How we Should be Limiting Water Consumption

Caroline Christianson ‘23, Guest Writer

All our lives revolve around water – we cannot survive more than a few days without it. We all know, or at least we all hopefully know, that Earth is facing a water crisis. Although 70% of the planet may be covered in water, only 2.5% of it is freshwater, and 790 million of us don’t have access to it. Water is a scarce resource. Water scarcity is a global issue but we need to address it locally.

What is causing Earth to run out of fresh water? Climate change is the driving force behind water scarcity and why millions of people are running out of water. Humans are altering the natural water cycle on Earth. We have disturbed approximately three-quarters of the Earth’s ice-free land surface through agriculture, deforestation and wetland destruction. When one thinks of water scarcity common trends that occur are places like California, Cape Town, Tokyo, or Beijing. It tends to be easy to put issues in the back of our heads that do not affect us. However, these regional crises of water quality, quantity and timing are global because they affect all human populations and ecosystems on earth.

Natural disasters contribute to water loss as well. Chennai, India, a city with one of the largest water scarcity issues, is suffering from droughts that include great periods of time without rain. Chennai also suffers major hurricanes that bring in storm surges and massive amounts of water. This abundance of water may sound great, but before this water is able to be obtained and used as a resource it’s washed back into the ocean as runoff. As easy as it is to blame the planet for these natural disasters, humans contributed heavily towards them. Hurricanes that are devastating Chennai are caused by warmer atmospheric temperatures. Manmade greenhouse gases are causing the rise of global temperatures, causing more hurricanes, the melting of glaciers and ultimately freshwater loss.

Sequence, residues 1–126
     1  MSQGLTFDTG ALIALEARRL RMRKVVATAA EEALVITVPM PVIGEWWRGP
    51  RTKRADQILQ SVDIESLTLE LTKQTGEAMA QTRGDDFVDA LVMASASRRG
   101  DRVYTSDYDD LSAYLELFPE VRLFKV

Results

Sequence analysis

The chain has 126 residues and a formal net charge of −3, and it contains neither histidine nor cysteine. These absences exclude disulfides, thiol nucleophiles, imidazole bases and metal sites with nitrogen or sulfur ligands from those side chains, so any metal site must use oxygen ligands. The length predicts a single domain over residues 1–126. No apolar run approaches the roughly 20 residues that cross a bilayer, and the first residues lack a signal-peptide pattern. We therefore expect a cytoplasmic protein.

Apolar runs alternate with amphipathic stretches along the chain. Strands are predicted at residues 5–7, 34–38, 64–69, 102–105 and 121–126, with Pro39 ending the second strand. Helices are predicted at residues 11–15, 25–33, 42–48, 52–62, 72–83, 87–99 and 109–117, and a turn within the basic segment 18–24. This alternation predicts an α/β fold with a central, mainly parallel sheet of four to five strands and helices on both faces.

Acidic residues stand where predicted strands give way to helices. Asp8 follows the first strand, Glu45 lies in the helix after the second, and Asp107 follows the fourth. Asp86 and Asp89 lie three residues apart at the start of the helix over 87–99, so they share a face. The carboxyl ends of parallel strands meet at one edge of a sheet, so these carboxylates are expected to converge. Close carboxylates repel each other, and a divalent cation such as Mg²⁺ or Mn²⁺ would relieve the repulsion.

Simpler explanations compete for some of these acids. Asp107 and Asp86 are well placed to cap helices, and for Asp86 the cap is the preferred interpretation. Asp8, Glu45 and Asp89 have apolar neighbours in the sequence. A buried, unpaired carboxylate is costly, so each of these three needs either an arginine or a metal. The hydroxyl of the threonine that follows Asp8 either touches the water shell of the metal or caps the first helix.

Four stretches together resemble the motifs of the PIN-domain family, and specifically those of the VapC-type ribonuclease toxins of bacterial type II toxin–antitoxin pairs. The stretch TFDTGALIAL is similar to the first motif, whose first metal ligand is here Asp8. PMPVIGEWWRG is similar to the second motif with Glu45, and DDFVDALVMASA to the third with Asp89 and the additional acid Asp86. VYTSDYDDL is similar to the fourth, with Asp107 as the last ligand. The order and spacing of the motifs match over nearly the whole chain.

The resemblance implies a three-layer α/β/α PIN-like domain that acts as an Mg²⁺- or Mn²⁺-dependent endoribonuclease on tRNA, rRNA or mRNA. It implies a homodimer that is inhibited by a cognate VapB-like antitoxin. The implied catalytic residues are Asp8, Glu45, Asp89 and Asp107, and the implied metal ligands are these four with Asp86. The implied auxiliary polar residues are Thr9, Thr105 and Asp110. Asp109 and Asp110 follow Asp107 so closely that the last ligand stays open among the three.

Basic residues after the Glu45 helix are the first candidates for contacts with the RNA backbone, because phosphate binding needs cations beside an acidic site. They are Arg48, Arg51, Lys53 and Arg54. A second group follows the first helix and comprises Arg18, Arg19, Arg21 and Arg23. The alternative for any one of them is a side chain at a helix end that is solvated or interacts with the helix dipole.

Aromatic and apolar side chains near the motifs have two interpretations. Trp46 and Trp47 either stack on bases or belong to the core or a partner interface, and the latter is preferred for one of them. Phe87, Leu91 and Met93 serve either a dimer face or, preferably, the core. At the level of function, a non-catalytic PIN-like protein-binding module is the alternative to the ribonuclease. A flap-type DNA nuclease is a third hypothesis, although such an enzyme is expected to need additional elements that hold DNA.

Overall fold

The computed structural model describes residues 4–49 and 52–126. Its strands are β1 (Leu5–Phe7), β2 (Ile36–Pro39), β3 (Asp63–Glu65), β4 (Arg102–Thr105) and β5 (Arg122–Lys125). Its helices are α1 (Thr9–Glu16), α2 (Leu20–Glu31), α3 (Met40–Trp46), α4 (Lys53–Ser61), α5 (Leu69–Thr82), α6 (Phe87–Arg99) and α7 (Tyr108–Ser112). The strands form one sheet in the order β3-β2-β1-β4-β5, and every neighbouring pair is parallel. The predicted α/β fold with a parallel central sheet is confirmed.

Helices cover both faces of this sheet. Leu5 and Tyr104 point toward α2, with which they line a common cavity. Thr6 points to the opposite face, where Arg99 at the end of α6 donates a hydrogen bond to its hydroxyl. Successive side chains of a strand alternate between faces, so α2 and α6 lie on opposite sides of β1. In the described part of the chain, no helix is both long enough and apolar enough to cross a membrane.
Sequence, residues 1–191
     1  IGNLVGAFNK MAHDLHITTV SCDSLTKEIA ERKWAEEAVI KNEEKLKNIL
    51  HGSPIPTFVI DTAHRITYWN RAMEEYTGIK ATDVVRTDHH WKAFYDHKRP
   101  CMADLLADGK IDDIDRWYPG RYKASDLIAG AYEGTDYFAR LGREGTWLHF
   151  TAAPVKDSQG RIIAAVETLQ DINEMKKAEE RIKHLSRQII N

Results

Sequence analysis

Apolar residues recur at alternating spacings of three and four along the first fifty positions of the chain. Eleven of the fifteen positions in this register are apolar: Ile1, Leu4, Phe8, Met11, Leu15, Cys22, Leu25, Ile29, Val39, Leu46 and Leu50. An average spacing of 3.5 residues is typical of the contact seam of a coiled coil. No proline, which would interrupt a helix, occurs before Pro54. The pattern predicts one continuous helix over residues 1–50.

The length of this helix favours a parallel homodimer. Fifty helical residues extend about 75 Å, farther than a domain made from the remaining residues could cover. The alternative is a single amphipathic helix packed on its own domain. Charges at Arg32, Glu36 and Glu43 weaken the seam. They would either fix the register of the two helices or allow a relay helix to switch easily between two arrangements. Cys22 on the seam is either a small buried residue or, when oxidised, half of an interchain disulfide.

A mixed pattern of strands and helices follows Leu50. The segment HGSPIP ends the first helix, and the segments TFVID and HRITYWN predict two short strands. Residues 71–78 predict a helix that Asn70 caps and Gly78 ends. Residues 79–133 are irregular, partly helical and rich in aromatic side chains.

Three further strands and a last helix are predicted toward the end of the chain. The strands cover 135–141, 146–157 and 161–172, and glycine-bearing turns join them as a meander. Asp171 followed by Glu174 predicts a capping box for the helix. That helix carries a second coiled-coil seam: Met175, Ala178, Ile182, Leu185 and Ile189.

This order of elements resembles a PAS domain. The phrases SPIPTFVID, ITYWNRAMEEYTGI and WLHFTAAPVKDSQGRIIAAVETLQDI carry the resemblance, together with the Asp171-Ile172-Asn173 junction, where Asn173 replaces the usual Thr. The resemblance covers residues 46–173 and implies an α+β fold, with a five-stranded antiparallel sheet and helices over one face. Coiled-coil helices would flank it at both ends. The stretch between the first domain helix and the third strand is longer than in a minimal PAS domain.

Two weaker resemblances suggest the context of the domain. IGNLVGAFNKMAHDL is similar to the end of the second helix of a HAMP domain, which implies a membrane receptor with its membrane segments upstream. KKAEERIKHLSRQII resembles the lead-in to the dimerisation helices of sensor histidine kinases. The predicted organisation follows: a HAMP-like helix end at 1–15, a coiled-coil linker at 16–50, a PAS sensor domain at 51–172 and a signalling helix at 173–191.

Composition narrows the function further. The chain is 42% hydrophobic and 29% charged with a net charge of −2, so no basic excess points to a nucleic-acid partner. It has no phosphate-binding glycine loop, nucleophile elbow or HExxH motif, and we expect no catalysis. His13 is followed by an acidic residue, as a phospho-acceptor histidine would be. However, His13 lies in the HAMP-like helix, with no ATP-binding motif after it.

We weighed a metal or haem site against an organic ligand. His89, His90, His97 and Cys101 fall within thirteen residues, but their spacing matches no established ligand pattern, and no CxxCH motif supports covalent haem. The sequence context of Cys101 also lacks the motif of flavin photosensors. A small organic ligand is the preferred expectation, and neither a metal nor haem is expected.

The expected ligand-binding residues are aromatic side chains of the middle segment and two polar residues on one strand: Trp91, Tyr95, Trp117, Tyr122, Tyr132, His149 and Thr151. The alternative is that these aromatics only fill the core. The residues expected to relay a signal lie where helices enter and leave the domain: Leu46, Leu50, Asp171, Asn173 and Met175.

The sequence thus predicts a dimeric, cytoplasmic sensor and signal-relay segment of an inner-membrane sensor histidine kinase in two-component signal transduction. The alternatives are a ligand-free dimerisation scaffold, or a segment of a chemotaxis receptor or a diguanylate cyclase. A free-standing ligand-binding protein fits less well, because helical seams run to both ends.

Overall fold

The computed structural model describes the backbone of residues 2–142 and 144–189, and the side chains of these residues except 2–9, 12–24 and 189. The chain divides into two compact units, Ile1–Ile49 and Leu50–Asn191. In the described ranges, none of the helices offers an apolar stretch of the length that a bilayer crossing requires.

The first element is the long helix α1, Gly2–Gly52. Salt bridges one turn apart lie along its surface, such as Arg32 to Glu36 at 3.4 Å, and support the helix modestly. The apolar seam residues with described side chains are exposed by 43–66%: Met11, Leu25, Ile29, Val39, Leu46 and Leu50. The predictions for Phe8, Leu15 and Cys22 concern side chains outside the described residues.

This may not seem to be an issue for a lot of us because when we walk into the bathroom to brush our teeth in the morning, we turn on the sink and water just comes out. People who live in water-rich areas can and should be positively impacting the global water crisis. For instance, Dickinson College, located in Carlisle, Pennsylvania, a water-rich area has implemented a whole slew of ways to limit and reuse water consumption right on campus. The college has reduced water consumption by 15.8 million gallons per year – the actions they take are ones we can take at home. Water scarcity should not only be addressed by government officials or policies but something that is addressed in our own homes. The use of native plants that can also withstand dry conditions can help with the use of water consumption in landscapes. Lush, green lawns that are an American staple require massive amounts of water. Although beautiful green yards are pleasing to the eye, the use of native plants – that do not require such great amounts of water can help limit unnecessary water usage. In addition to water preservation through landscapes, water preservation can take place with the installation of products such as, low-flow toilets and shower heads. Using a front loading washing machine instead of top loading decreases water consumption because the whole barrel does not need to be entirely filled to wash clothes. Every single washing machine at Dickinson College is front-loading instead of top-loading.

Living in places where climate change is not as apparent can make it very easy to overlook detrimental issues. Although we do not directly experience these issues of water crisis in the northeast, if you care about the global community you should implement water preserving techniques and products in your own homes and lives.